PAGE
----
This morning I read Cashiers’ Last Stand, which covers some thoughts I’ve had about AI recently.
I tend towards the futurist’s view: that these changes will happen (machines will take on more of the rote work of the cashier) and that those displacements will happen relatively soon.
I also think that the service role of cashiers has a long-term place, culturally.
Lastly, I need to invest some time into studying Amazon Go. There’s disruption coming to the retail world.
Here’s their intro video:
What do you think?
This morning I read about a newer mobile malware variant. It’s a traditional Trojan concept.
Beware! New Android Malware Infected 2 Million Google Play Store Users
From the article in Hackernews, I’ve pulled their advice to protect yourself from such things. I’ve highlighted a biggie, one that’s terrifying to me that people do: grant an app administrative rights.
We need to be thinking more about mobile security than we do. Clearly, this is the new frontier in cybercrime.
Anyway, be safe out there.
How to Protect yourself against such Malware
There are standard protection measures you need to follow to remain unaffected:
- Always download apps which are from trusted and verified developers and stick to trusted sources, like Google play Store and the Apple App Store.
- Always verify app permissions before installing apps. If any app is asking more than what it is meant for, just do not install it.
- Keep a good antivirus app on your device that can detect and block such malware before it can infect your device. Always keep the app up-to-date.
- Do not download apps from third party source. Although in this case, the app is being distributed through the official Play Store, most often such malware are distributed via untrusted third-party app stores.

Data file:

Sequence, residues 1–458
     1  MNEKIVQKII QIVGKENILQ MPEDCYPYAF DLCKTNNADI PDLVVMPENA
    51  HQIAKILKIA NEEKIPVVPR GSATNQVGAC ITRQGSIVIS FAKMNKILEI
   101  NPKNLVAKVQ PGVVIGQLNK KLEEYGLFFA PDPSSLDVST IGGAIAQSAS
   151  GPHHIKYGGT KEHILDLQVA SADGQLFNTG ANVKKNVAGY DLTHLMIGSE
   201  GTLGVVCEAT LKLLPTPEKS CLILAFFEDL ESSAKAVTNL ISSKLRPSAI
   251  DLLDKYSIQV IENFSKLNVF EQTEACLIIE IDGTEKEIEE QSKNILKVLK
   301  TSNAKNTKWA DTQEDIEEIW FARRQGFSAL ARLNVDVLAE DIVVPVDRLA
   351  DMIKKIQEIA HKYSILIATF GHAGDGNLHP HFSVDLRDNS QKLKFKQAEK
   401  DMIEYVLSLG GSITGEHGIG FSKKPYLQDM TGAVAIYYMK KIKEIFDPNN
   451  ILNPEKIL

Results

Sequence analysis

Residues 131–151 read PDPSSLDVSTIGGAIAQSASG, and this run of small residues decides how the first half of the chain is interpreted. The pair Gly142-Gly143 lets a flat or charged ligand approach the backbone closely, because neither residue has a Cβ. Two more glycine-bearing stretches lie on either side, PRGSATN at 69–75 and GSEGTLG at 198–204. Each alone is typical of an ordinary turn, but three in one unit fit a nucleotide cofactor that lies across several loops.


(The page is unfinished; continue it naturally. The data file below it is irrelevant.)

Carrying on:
- Avoid unknown and unsecured Wi-Fi hotspots and Keep your Wi-Fi turned OFF when not in use.
- Be careful which apps you give administrative rights to. (bolding is Admin rights are powerful and can give an app full control of your device.
- Never click on links in SMS or MMS sent to your mobile phone. Even if the email looks legit, go directly to the website of origin and verify any possible updates.
Just spent a moment exploring what’s available on YouTube, content-wise. Now, I love YouTubers like Casey Niestat and the like, but I was thinking about professional content. Things like Star Wars Rebels, movies, and other stuff. I was pleased by what I saw.
A nice thing about purchasing content through YouTube: it can be watched on any device. Apple tv, Android devices, and, I expect, even my kindle. I hate having my videos and music held hostage by platform idiosyncrasies. And I hate Apple’s unwillingness to play well with others.
Anyway, I’m thinking that YouTube might be the way I go to buy Rebels season 4. It’d be cool if I could burn the movies and such to DVDs. But I won’t hold my breath.
I think I might have seen a glimmer of the future. If so, is pretty bright for YouTube. For now, at least.
Once, I was a sailor, young and foolish.
Looking back I’m truly stunned at what I operated, and the responsibility in my hands. Mistakes had truly life and death ramifications, and I hadn’t no sense of the seriousness.
Everything from nuclear power-plants, torpedoes, big-assed firearms, weapons of all stripes including nukes, operated and maintained, mostly, by teenagers and youngish adults.